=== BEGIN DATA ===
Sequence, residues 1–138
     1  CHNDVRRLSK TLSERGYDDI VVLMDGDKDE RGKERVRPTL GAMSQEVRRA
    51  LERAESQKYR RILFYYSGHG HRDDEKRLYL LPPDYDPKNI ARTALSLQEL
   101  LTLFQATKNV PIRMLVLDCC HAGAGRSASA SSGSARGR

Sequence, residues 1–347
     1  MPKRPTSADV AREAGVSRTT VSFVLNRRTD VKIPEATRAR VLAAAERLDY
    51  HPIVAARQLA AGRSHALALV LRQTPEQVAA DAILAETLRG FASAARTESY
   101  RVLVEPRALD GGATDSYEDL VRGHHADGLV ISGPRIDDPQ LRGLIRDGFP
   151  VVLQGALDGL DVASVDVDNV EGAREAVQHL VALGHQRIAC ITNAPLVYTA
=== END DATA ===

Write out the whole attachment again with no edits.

Sequence, residues 1–138
     1  CHNDVRRLSK TLSERGYDDI VVLMDGDKDE RGKERVRPTL GAMSQEVRRA
    51  LERAESQKYR RILFYYSGHG HRDDEKRLYL LPPDYDPKNI ARTALSLQEL
   101  LTLFQATKNV PIRMLVLDCC HAGAGRSASA SSGSARGR

Sequence, residues 1–347
     1  MPKRPTSADV AREAGVSRTT VSFVLNRRTD VKIPEATRAR VLAAAERLDY
    51  HPIVAARQLA AGRSHALALV LRQTPEQVAA DAILAETLRG FASAARTESY
   101  RVLVEPRALD GGATDSYEDL VRGHHADGLV ISGPRIDDPQ LRGLIRDGFP
   151  VVLQGALDGL DVASVDVDNV EGAREAVQHL VALGHQRIAC ITNAPLVYTA